On July 29th, 2020, our very own Waterkeeper, Rachel Silverstein, joined panelists in the ‘Sustaining Miami’s Waters’ webinar. Hosted by FIU Institute of Environment and the City of Miami, this one-hour discussion covered the challenges of sustaining Miami's properties and yards, and elaborated on what the community can do to protect our environment, way of life, and drinking water quality.

MWK Joins Comment on EPA’s Discretionary Approval Under Clean Water Act Section 404

The Florida Department of Environmental Protection (FDEP) has attempted to assume regulatory authority of Section 404 of the Clean Water Act (CWA) from the Environmental Protection Agency (EPA): the section which requires permits for any discharge of dredge and fill materials into Waters of the U.S., including rivers, canals, and wetlands. To assume authority of the Section 404 program, a state must provide the EPA with a number of statements, memos, and an approval request before submitting to a review period. During this process, the FDEP requested EPA consultation as to Endangered Species Act (ESA) Section 7, claiming its CWA Section 404 assumption required such a consultation. But the EPA doesn’t think so.

Wetlands in Boynton Beach, FL (Source: The Mitigation Banking Group, Inc.)

Miami Waterkeeper and Co-Plaintiffs Submit Initial Brief for FPL Turkey Point Appeal

FPL received original operating licenses for its two nuclear reactors at Turkey Point Power Plant in 1972 and 1973 from the Nuclear Regulatory Commission (NRC), which functions under the authority of the Atomic Energy Act (AEA). In 2002, with the expiration of the original licenses only 10 years away, the NRC granted FPL initial 20-year license renewals for its two nuclear reactors. In 2018, Turkey Point became the first nuclear power plant in the country to apply for and receive a subsequent license renewal, doubling the plant’s original operating time and extending it into the 2050s.

(Source: Sun-Sentinel)


MWK to Continue Water Quality Testing with Village of Key Biscayne

Miami Waterkeeper is excited to announce our contract renewal with Key Biscayne for water quality testing! We have a record of success collaborating with the Village of Key Biscayne including the past year of water quality sampling, which produced 215 data points from 3 sites. Past collaborations with the Village include our summer Senior Ambassador program, volunteer cleanups, and other educational events. Our efforts with the Village Council on issues such as a straw ban and water quality protections are also a testament to our connections to the Key Biscayne community.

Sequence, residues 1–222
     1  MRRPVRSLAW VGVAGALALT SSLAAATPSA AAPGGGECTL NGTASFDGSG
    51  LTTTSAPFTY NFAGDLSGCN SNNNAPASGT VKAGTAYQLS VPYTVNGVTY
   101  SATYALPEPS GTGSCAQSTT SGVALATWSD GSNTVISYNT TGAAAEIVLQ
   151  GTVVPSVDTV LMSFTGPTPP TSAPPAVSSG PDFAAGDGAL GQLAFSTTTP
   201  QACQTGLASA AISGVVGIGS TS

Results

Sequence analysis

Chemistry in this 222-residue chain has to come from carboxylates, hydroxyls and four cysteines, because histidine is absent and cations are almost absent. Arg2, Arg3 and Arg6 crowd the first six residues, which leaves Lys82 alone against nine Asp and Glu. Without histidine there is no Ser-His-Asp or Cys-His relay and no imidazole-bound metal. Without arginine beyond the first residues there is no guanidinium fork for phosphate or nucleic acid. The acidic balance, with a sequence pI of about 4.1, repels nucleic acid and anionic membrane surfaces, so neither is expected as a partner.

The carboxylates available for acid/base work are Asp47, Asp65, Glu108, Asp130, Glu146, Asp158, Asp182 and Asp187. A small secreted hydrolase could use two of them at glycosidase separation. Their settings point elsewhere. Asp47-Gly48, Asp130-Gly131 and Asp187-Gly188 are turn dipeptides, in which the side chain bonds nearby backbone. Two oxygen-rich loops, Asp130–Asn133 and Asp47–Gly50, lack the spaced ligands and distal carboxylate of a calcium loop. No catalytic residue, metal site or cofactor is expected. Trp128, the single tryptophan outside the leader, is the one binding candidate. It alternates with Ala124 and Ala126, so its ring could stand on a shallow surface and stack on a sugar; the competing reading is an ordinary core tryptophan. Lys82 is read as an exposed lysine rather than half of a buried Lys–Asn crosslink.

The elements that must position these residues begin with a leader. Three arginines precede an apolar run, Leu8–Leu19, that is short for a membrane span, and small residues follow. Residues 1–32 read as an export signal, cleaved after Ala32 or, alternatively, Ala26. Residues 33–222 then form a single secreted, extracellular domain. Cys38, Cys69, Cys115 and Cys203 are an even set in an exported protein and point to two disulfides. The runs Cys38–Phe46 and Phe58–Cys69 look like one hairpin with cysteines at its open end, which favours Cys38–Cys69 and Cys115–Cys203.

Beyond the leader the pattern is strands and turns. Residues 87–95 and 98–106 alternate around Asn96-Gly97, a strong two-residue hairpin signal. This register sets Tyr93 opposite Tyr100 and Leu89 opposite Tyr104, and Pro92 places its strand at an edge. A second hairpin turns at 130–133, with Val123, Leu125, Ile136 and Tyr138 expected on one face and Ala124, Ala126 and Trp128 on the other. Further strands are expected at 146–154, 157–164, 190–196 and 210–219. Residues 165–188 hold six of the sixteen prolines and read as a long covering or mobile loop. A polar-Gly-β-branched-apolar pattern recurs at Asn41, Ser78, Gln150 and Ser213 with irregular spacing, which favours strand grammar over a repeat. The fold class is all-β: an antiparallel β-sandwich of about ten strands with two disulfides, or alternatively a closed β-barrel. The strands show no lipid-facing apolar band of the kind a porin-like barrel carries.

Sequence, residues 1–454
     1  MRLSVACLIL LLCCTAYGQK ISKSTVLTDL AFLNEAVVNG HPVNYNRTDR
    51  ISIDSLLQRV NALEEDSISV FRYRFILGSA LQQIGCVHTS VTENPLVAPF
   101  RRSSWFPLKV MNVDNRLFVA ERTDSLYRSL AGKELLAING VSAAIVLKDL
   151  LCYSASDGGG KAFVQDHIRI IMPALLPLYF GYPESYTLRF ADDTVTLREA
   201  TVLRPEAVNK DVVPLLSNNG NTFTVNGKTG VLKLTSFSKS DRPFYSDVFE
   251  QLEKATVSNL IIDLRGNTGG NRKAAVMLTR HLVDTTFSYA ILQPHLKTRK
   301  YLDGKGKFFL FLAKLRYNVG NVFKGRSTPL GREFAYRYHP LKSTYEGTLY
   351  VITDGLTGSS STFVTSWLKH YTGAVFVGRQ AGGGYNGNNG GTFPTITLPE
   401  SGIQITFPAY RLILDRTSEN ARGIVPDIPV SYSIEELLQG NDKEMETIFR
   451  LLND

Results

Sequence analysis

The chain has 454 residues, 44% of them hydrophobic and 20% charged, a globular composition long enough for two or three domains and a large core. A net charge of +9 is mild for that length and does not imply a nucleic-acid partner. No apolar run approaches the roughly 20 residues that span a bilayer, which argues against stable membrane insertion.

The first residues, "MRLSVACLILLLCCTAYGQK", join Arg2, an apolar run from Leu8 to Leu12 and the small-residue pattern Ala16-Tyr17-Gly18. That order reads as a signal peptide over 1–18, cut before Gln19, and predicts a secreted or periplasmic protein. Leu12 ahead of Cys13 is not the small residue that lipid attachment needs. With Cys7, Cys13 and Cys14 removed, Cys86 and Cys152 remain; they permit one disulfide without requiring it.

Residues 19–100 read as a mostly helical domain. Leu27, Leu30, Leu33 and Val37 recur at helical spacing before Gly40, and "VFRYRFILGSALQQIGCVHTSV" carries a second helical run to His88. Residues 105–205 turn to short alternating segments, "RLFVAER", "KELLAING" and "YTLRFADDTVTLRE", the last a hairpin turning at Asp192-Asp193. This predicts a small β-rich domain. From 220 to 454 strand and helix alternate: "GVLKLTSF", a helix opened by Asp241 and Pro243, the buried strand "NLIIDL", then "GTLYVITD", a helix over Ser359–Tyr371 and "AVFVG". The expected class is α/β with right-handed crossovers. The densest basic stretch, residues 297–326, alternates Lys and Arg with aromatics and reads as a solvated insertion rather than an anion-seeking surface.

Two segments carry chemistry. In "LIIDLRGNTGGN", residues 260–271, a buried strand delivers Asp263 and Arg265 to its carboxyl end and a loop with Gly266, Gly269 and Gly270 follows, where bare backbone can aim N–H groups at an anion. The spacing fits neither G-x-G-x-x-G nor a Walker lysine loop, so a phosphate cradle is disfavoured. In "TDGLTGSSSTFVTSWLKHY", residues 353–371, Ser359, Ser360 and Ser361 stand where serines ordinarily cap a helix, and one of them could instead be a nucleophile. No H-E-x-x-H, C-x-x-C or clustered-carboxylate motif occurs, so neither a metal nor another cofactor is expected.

The renewed plan will keep the public informed about water quality on Key Biscayne by testing three sites weekly to analyze Fecal Indicator Bacteria (FIB) enterococci. FIB is often used as a proxy for swimming safety - it can be easily cultured in a lab and ultimately help predict human health risks associated with contaminated waters.


Ft. Lauderdale Receives Largest Fine in State History for Sewage Spills

Sanitary Sewer Overflows (SSOs), commonly known as ‘sewage leaks,’ have continued to be a problem for South Florida due to our aging sewage infrastructure. Miami-Dade is not the only County in South Florida that’s been plagued with crumbling sewage infrastructure --  Broward County is also victim to a system that is cracked, leaking, and ultimately welcoming raw sewage into local waterways. Combined, Miami-Dade and Broward County have seen tens of millions of gallons of sewage leak into our waterways over the past several years.

Raw sewage infiltrating the streets of Broward County (Source: Sun-Sentinel).

Check out the latest from the @MiamiWaterkpr blog:
HomeMiami Waterkeeper is a South Florida Environmental Group that advocates for Swimmable, Drinkable, Fishable water for all. Working on sea rise, water pollution, coral reef protection, and water issue education.